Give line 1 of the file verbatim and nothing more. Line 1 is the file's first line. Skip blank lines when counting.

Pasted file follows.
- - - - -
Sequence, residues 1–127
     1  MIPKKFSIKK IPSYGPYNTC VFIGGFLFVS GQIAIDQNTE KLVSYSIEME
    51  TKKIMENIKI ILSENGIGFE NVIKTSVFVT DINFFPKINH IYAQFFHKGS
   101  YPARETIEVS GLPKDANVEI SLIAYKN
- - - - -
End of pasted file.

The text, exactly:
Sequence, residues 1–127